30 Now if β > 0, θ, and N, then 2 tβ (t + ) θ β N θ 2 Nβ. 0 t<n Alying this result to our estimate for E(k), we arrive at: E(k) 2 Q 0 n<q (n + ) ν (Q n) ν + (2Q Y ) /2 2 Q Q 2ν+ + (2Q Y ) /2 Q 2ν2+. k k 0 n<q Recalling the definition of Q, we have the uer bound: E(k) Y α (log Y )ν k for some absolute constant ν. Finally, we sum E(k) over k: + Y (α+)/2 k 3/2 (log Y ) ν, (n + ) ν 2 (Q n) ν 2 E ε Y ε Y α (log Y ) ν + + Y ε Y (α+)/2 (log Y ) ν ε Y max(α+ε,α/2+/2+ε). If we choose ε = min(( α)/5, α /2), then E α Y/(log Y ) 3 and condition (C) is satisfied for any α < Conditions (D) and (E) For a A, one has that a = q (x)q 2 (x) with x Ψ. The set Ψ was chosen so that for all x Ψ, (q (x); D) = (q 2 (x); D) =, so (a; D) =, whence (a; P) =, satisfying condition (D). In the consideration of condition (E), we observe that for all a A, one has a X 4 Y 2. That is, there exists a constant C (deending only on the choice of forms q and q 2 ) such that a CY 2 for all a A. Define θ by C = Y θ. In order to satisfy condition (E), we need a Y µα, and it is sufficient to chose α < and µ such that µ (2 + θ)/α. A more careful analysis is required if we wish to make use of Diamond and Halberstam s exlicit result that I(2,, 2) > 5. By continuity of I, there exists η > 0 such that I(2, α, µ) > 5, rovided that α, µ 2 < η. Set µ = (2 + θ)/α. For α <, the above condition translates into α > (2 + θ)/(2 + η) and α > η. We can choose such a value of α rovided that θ < η. Now θ = log C/ log Y, so the condition will be satisfied for all sufficiently large Y. 30
31 3.2.5 Alication of Theorem 3. Having verified the conditions of Theorem 3., we find that for sufficiently large X, there exists a constant ν > 2 such that ( {P 5 : P 5 A} X 2 ω() ), <X 2/v and this is sufficient for the roof of Theorem.. Before we conclude, let us consider the condition in Theorem. that there exists z such that (q i (z); D) = for i =, 2. The condition is not always satisfied, as the following air of forms demonstrate: q (x, y) = 3x 2 + 2xy + y 2, q 2 (x, y) = 2x 2 4xy + 3y 2. Here, at least one of q (x, y) and q 2 (x, y) is divisible by 3 for every choice of x and y, and 3 divides D. On the other hand, we exect that the condition will be satisfied for most airs of forms and we exhibit the following infinite class of forms for which the condition holds: q (x, y) = x 2 + 2b xy + c y 2, q 2 (x, y) = x 2 + 2b 2 xy + c 2 y 2. Take z = (, 0), then q i (z) =, satisfying the condition as long as the resultant Res(q, q 2 ) is nonzero. 3.3 Conclusion Our investigations into airs of binary quadratic forms deended crucially on deriving an aroriate level of distribution formula and then alying the weighted sieve of Diamond and Halberstam. This technique is not limited to airs of forms and could be extended to the consideration of arbitrarily many binary quadratic forms. The level of distribution formula would give rise to arameters κ, α, and µ, and the main comutational roblem would be the calculation of the number r in Theorem 3.. Acknowledgements I d like to thank Roger HeathBrown for his unstinting guidance and suervision throughout this research. Thanks, too, to Glyn Harman and Tim Browning for their many helful suggestions. A final debt of gratitude is owed to Trevor Wooley, who originally osed this roblem. 3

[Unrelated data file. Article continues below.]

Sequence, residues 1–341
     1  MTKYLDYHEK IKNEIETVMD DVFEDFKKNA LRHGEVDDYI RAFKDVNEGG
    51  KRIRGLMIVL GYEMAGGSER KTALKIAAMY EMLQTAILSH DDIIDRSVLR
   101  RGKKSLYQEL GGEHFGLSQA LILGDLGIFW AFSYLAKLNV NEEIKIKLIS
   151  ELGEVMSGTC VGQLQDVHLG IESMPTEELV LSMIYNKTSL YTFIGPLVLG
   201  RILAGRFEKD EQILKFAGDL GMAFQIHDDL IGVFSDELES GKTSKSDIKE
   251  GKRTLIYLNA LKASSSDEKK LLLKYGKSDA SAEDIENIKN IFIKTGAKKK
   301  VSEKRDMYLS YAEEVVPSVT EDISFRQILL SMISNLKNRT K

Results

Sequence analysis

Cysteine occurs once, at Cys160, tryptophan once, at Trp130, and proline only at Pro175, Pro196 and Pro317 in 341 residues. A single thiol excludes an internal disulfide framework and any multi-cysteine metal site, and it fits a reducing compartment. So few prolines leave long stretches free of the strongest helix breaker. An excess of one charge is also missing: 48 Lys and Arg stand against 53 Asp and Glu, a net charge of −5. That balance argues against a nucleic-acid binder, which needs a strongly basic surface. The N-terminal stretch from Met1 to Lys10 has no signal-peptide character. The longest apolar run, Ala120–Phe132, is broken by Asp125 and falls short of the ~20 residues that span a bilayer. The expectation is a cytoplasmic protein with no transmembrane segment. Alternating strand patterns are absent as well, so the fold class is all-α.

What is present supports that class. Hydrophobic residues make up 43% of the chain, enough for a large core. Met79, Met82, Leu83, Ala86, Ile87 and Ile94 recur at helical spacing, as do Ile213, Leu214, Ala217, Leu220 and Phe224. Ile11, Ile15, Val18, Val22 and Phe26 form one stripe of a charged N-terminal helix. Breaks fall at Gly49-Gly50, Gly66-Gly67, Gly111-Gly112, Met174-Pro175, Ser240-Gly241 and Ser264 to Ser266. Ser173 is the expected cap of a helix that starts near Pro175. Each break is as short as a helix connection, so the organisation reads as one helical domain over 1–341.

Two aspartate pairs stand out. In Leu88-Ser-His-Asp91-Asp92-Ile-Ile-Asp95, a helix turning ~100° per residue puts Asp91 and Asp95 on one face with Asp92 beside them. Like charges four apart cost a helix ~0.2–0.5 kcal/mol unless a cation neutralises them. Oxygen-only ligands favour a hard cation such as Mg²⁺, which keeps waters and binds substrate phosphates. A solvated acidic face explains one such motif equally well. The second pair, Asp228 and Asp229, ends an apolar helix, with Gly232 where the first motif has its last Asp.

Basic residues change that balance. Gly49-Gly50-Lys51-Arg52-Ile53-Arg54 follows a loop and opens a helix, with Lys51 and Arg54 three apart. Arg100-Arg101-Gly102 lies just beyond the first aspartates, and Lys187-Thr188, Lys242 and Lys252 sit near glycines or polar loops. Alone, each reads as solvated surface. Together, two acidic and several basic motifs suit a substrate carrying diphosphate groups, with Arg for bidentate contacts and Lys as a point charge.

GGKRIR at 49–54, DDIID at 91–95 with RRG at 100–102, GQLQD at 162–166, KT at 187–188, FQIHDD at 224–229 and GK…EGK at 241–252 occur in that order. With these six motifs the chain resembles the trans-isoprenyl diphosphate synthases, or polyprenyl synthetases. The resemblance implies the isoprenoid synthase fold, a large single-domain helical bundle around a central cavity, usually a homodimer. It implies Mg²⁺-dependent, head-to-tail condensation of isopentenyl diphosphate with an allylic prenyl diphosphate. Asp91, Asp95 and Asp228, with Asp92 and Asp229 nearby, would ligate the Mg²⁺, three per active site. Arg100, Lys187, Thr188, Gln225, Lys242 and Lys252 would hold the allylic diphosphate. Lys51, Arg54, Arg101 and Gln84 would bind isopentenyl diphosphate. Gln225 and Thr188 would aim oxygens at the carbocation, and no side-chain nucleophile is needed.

32 References [] Duncan A. Buell, Binary quadratic forms, SringerVerlag, New York, 989, Classical theory and modern comutations. [2] David A. Cox, Primes of the form x 2 + ny 2, A WileyInterscience Publication, John Wiley & Sons Inc., New York, 989, Fermat, class field theory and comlex multilication. [3] Stehan Daniel, On the divisorsum roblem for binary forms, J. Reine Angew. Math. 507 (999), [4] Harold Davenort, Multilicative number theory, second ed., Graduate Texts in Mathematics, vol. 74, SringerVerlag, New York, 980, Revised by Hugh L. Montgomery. [5] H. Diamond and H. Halberstam, Some alications of sieves of dimension exceeding, Sieve methods, exonential sums, and their alications in number theory (Cardiff, 995), London Math. Soc. Lecture Note Ser., vol. 237, Cambridge Univ. Press, Cambridge, 997, [6] D. R. HeathBrown, Linear relations amongst sums of two squares, Number theory and algebraic geometry, London Math. Soc. Lecture Note Ser., vol. 303, Cambridge Univ. Press, Cambridge, 2003, [7] M. N. Huxley, A note on olynomial congruences, Recent Progress in Analytic Number Theory, Vol. (H. Halberstam and C. Hooley, eds.), Academic Press, London, 98, [8], Area, lattice oints, and exonential sums, London Mathematical Society Monograhs. New Series, vol. 3, The Clarendon Press Oxford University Press, Oxford, 996, Oxford Science Publications. [9] Henryk Iwaniec, Almostrimes reresented by quadratic olynomials, Invent. Math. 47 (978), no. 2, [0] E. C. Titchmarsh, The theory of the Riemann zetafunction, second ed., The Clarendon Press Oxford University Press, Oxford, 986, Edited and with a reface by D. R. HeathBrown. Mathematical Institute, St Giles, Oxford, 32